I was inspired by the article in the Straits Times Opinion page by Associate Professor Sara Hendren, "Use time as an urban design tool to reimagine our cities" (July 20).
The writer outlined how time can be used to create temporary parks or leisure spaces in cities and urban environments.
She refers to Riverbend Park in Cambridge, Massachusetts, as an example.
It is not an actual park but a high traffic road alongside Charles River that is closed during weekends for cyclists, skaters, strollers and people who just want to have a picnic by the riverside grass verge.
This concept is not new here. Singapore piloted the temporary pedestrianisation of Orchard Road on the first Saturday evening of every month some years back.
There's also Car-Free Sunday in the Civic District area.
But these efforts have sputtered somewhat.
A more successful case of time-based use is public access of government school sports facilities during weekends to play badminton or football.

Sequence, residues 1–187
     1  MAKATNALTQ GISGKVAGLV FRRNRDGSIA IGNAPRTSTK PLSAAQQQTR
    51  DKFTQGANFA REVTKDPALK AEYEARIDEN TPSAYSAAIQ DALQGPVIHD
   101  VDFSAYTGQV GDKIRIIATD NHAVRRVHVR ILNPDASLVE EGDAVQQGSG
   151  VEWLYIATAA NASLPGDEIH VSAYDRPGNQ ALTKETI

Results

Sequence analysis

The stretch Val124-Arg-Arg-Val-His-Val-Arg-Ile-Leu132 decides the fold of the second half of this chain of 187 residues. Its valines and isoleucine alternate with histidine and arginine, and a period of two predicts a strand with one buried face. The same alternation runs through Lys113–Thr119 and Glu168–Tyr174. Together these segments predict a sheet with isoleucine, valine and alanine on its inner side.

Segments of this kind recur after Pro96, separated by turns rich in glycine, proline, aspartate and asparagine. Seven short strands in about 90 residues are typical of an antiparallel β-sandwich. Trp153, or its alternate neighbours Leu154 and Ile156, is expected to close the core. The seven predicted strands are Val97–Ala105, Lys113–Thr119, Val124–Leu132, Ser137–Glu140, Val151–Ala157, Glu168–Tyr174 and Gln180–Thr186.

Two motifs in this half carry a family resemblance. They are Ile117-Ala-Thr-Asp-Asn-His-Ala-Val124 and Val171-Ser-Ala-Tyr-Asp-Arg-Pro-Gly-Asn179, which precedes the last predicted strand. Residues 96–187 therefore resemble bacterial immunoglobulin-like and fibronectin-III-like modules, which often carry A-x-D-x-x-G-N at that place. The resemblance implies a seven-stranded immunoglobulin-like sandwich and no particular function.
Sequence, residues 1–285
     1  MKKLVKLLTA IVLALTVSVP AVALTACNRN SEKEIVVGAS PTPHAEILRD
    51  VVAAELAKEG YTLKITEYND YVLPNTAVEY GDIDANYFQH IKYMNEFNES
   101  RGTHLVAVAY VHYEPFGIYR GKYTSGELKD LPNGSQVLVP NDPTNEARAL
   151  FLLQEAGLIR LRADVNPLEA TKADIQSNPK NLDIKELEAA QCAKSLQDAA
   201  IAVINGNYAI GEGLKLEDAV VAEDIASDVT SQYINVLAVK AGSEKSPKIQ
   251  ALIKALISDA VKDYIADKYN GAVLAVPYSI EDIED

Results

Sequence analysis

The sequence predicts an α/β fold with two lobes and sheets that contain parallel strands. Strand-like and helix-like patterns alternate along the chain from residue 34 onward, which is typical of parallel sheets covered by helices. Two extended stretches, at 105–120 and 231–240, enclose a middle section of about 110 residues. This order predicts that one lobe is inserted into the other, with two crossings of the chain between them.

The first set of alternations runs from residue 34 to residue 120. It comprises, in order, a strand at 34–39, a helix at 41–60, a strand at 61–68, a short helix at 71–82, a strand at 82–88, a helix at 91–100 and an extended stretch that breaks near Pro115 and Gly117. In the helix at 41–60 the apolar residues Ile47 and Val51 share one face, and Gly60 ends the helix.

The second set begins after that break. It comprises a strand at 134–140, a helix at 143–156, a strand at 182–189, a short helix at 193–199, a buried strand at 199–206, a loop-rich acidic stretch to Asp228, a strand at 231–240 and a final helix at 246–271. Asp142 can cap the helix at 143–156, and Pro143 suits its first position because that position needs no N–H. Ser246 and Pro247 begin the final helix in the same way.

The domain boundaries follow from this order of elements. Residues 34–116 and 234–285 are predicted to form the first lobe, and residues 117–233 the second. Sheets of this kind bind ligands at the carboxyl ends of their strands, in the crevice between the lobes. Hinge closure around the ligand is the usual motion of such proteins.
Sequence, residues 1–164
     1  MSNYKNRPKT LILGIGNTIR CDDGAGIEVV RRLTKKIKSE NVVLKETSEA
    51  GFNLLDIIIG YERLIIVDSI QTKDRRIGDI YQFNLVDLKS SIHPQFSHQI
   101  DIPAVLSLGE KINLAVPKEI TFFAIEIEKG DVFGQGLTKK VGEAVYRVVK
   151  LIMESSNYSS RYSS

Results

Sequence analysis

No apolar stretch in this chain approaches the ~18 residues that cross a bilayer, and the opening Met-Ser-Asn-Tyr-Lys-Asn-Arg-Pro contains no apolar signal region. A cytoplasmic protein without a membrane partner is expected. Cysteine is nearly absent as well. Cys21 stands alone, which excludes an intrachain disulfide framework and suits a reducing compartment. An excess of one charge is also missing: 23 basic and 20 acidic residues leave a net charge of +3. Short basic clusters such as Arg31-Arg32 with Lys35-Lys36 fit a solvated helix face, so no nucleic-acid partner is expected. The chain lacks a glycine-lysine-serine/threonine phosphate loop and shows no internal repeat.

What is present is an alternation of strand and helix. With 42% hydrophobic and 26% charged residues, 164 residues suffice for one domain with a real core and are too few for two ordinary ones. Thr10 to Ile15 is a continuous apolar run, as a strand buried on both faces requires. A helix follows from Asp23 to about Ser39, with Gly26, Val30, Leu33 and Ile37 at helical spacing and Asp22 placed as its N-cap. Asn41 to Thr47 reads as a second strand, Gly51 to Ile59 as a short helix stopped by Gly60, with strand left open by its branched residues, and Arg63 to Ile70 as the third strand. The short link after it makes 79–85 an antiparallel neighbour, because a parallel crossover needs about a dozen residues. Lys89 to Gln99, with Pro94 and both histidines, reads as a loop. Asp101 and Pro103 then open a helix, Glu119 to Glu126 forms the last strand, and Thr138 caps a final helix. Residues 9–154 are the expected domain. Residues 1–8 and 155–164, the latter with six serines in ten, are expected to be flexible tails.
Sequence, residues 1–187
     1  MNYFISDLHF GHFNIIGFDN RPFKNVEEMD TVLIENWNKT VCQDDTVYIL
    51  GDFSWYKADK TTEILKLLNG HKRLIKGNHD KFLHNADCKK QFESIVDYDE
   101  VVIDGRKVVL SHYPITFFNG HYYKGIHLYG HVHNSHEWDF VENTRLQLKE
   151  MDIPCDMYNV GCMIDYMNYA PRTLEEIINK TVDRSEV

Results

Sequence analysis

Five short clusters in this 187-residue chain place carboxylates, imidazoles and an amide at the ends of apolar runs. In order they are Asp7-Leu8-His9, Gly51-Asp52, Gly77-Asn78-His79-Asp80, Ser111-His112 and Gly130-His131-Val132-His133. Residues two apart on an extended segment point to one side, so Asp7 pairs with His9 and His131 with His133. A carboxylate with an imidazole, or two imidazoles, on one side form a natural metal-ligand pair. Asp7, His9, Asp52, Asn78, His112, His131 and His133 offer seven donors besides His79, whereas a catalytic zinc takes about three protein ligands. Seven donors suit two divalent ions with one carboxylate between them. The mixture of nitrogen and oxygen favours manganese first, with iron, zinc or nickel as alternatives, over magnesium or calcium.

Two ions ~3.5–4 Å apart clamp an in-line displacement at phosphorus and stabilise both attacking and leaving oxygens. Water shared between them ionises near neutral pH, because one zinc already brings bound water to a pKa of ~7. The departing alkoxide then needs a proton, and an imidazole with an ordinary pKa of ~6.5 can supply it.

There was admirable planning put into creating separate access for the public to these school facilities, for obvious security reasons.
Judging by how difficult it has been to reserve a badminton court in these school facilities, this scheme has been a quiet but resolute success.
But we could do more.
How about placing temporary traffic cones on Bukit Timah Road during the weekends so that cyclists can have a dedicated road lane to access other park connectors and the Rail Corridor? The same, too, for Upper Thomson Road. And perhaps apply it to other leafy major arterial roads that have at least three lanes.
It's a win-win-win situation - cyclists will have a safe road lane, pedestrians have exclusive use of the sidewalks, and motorists still have two or three dedicated lanes during thinner weekend traffic.
And during the week, we revert to normal use of the roads.
Abdul Malek Mohamed Ali